Legislation & Lobbying

Liquid democracy software could reinvent politics

Voters’ belief in politics has suffered serious blows in the last two years. In June of 2016 Brexit inched a win with a 51.9% majority, which was followed by Donald Trump becoming the unexpected US President winner, despite losing the popular vote. The vote, as Pew Research recorded, only managed to attract a paltry 55.7% of the electorate to the ballot box at all, a turnout far behind most developed countries.

Liquid democracy, or delegative democracy, is a new system that removes the middle man and entrusts direct voting power to the people. Bryan Ford writes in his essay on the subject, that “Direct democracy empowers individuals and encourages widespread direct participation in a democratic organization,” and the advent of exciting new software is making it widely accessible to voters.

The concept behind it is that each individual votes on all issues directly. However, if a voter doesn’t want to vote on a particular issue, either because they don’t care about the subject, or they’re simply not in the know, they can give their vote to somebody they trust. This person would then have 2 votes. These trustworthy individuals can accumulate any number of votes depending on how many people trust in them, or they can delegate all these votes to someone else. But, if a voter believes their delegate isn’t representing their views, or they break their trust, they can revoke their vote from them immediately.

This means that instead of voting for a distant representative that will hopefully represent your ideas, voters have an extremely wide possible choice of direct delegates. As a result, according to Bryan Ford, voters “should be enabled and encouraged to build personal relationships with their representatives, ideally involving some level of trust and rapport.” If we know our delegate personally, the level of transparency is increased and it restores some confidence in the voting system.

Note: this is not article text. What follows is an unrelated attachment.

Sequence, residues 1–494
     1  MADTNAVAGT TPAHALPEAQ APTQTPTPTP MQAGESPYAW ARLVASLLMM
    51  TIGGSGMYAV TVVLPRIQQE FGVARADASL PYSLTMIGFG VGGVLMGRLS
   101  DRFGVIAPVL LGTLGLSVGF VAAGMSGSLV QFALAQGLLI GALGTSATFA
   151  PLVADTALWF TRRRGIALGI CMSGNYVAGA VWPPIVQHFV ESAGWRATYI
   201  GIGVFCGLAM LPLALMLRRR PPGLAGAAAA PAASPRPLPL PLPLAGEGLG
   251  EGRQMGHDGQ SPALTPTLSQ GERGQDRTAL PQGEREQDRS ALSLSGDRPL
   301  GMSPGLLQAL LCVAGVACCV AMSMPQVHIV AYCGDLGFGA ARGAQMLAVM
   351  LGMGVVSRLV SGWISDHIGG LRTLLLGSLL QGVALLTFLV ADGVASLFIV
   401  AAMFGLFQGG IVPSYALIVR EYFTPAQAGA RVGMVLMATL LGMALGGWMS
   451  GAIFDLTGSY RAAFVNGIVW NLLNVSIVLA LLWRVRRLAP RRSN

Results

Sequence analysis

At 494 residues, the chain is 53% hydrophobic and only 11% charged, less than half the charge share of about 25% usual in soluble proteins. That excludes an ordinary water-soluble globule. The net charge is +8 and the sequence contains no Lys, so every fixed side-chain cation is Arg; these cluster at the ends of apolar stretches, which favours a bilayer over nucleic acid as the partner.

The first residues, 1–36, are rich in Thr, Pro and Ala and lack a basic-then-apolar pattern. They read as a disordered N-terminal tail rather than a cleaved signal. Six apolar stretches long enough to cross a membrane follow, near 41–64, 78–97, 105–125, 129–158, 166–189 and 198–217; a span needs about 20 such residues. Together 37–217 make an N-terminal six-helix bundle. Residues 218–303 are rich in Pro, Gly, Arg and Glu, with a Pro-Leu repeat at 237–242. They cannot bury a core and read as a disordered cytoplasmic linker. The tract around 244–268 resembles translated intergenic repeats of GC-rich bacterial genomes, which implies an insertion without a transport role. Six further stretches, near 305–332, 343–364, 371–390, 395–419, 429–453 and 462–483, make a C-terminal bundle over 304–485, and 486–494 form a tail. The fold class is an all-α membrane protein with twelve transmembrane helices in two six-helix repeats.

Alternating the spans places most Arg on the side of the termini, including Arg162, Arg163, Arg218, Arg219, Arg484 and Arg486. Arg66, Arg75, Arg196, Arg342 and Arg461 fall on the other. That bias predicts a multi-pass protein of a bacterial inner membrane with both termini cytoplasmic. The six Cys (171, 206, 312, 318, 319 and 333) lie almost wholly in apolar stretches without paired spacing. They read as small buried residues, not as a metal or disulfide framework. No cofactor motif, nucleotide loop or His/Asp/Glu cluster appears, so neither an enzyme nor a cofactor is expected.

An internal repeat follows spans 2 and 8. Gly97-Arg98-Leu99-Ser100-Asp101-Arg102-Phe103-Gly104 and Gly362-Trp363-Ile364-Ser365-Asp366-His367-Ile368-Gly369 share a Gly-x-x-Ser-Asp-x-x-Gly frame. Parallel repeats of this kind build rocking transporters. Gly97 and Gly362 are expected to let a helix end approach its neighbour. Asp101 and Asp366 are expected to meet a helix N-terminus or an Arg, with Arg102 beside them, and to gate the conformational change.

David Ernst is a strong advocate for the liquid democracy movement, and has created a platform called United.Vote for US politics, where you can sign in and (almost disconcertingly) immediately vote for bills and issues.

“No, it is not just a website, we are actually giving voters the option to have this better system,” Ernst affirmed to TechCrunch. “All you need to do is check the box next to the liquid democracy person’s name, and then we can put this system into office.”

Another element of this site is that it registers voters’ locations and identities. This is to create complete transparency between voters and senators and congressmen in the constituency. At the moment, they are not required to show this information, and they often don’t, in case it shows they aren’t following the wishes of their constituents. With this new system, it gives politicians a stronger motivation to accurately represent the desires of the people.  Although only 1239 people have joined United.Vote so far, the number has been increasing since mid 2017.

The movement isn’t limited to the US either, with Pirate parties from Germany, Switzerland, Austria, Italy and Brazil all using a platform called Liquid Feedback, which prides itself on having all data (human and machine-readable) available. However this also means that all votes can be traced back to the voter, which, although good for transparency, removes the all important privacy from the voting process.

With popularity of both sites increasing, we could be seeing software that will completely reinvent democracy, with it finally fitting Abraham Lincoln’s ideal of it being “the government of the people, by the people, for the people.”


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